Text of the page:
- Research article
- Open Access
Habituation to thaxtomin A in hybrid poplar cell suspensions provides enhanced and durable resistance to inhibitors of cellulose synthesis
- Viviane Brochu†3,
- Marie Girard-Martel†1,
- Isabelle Duval2,
- Sylvain Lerat3,
- Gilles Grondin3,
- Olivier Domingue3,
- Carole Beaulieu3 and
- Nathalie Beaudoin3Email author
© Brochu et al; licensee BioMed Central Ltd. 2010
- Received: 16 July 2010
- Accepted: 10 December 2010
- Published: 10 December 2010
Thaxtomin A (TA), a phytotoxin produced by the phytopathogen Streptomyces scabies, is essential for the development of potato common scab disease. TA inhibits cellulose synthesis but its actual mode of action is unknown. Addition of TA to hybrid poplar (Populus trichocarpa x Populus deltoides) cell suspensions can activate a cellular program leading to cell death. In contrast, it is possible to habituate hybrid poplar cell cultures to grow in the presence of TA levels that would normally induce cell death. The purpose of this study is to characterize TA-habituated cells and the mechanisms that may be involved in enhancing resistance to TA.
Habituation to TA was performed by adding increasing levels of TA to cell cultures at the time of subculture over a period of 12 months. TA-habituated cells were then cultured in the absence of TA for more than three years. These cells displayed a reduced size and growth compared to control cells and had fragmented vacuoles filled with electron-dense material. Habituation to TA was associated with changes in the cell wall composition, with a reduction in cellulose and an increase in pectin levels. Remarkably, high level of resistance to TA was maintained in TA-habituated cells even after being cultured in the absence of TA. Moreover, these cells exhibited enhanced resistance to two other inhibitors of cellulose biosynthesis, dichlobenil and isoxaben. Analysis of gene expression in TA-habituated cells using an Affymetrix GeneChip Poplar Genome Array revealed that durable resistance to TA is associated with a major and complex reprogramming of gene expression implicating processes such as cell wall synthesis and modification, lignin and flavonoid synthesis, as well as DNA and chromatin modifications.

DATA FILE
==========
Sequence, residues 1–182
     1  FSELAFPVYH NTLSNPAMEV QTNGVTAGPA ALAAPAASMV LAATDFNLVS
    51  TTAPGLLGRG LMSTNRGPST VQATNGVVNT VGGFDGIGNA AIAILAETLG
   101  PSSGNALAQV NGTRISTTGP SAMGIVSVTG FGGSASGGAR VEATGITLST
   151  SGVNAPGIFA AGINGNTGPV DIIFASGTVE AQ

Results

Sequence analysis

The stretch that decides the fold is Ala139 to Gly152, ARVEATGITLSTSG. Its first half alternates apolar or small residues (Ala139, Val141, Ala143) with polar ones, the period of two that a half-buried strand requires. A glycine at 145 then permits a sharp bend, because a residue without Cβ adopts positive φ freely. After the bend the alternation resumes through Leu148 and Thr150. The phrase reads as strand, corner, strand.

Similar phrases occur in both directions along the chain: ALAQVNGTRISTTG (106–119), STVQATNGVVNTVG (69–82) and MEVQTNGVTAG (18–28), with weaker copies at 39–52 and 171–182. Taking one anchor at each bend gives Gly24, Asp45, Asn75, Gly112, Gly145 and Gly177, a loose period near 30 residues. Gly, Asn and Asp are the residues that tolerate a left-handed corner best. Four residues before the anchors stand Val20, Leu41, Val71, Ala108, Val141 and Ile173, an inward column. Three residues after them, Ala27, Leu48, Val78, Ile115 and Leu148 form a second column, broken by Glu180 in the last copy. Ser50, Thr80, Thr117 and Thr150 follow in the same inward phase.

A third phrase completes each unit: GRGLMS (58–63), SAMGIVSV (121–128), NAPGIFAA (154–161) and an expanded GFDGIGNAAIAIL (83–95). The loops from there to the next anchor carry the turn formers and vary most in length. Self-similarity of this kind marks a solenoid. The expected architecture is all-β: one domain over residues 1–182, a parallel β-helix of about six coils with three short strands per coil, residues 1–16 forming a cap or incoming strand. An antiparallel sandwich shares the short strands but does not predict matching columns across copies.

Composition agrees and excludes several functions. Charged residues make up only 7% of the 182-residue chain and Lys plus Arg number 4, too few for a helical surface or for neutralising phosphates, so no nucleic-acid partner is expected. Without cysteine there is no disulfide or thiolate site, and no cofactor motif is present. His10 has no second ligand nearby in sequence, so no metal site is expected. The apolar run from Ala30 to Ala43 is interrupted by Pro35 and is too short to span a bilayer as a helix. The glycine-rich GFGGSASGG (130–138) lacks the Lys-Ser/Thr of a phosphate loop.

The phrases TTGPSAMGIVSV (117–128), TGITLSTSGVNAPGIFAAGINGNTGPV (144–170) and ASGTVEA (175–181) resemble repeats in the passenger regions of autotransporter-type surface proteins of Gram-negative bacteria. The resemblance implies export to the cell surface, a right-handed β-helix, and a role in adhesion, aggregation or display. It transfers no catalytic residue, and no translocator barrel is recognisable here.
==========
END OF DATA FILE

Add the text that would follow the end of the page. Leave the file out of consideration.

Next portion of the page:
We have shown that habituation to TA induced durable resistance to the bacterial toxin in poplar cells. TA-habituation also enhanced resistance to two other structurally different inhibitors of cellulose synthesis that were found to target different proteins. Enhanced resistance was associated with major changes in the expression of numerous genes, including some genes that are involved in DNA and chromatin modifications, suggesting that epigenetic changes might be involved in this process.
- Cell Wall Composition
- Cellulose Synthesis
- Poplar Cell
Thaxtomin A (TA) is the main phytotoxin produced by the pathogen Streptomyces scabies, the most important causal agent of potato common scab [1, 2]. Production of TA is required for the development of disease symptoms [1, 3–5], and application of the purified toxin on immature potato tuber tissues induces the production of scab-like lesions . A wide variety of plant species are sensitive to exogenous application of TA, inducing symptoms ranging from growth inhibition, root stunting, and cell hypertrophy to cell death [3, 4, 7]. TA can also activate a genetic program of cell death in Arabidopsis thaliana cell suspensions .
Previous reports have shown that TA inhibits crystalline cellulose biosynthesis . Recent evidence indicates that addition of TA to Arabidopsis seedlings decreased the stability of cellulose synthase (CESA)-complexes, releasing them from the plasma membrane to be accumulated in small microtubule-associated compartments . This is similar to what has been described in response to another inhibitor of cellulose synthesis, isoxaben (IXB) . Moreover, changes in gene expression induced in response to TA or IXB treatment were very similar, indicating that the mode of action of TA closely resembles that of IXB [10, 12]. While mutant analyses suggest that IXB targets CESA3 and CESA6 [13, 14], the mode of action and specific target of TA have not yet been identified.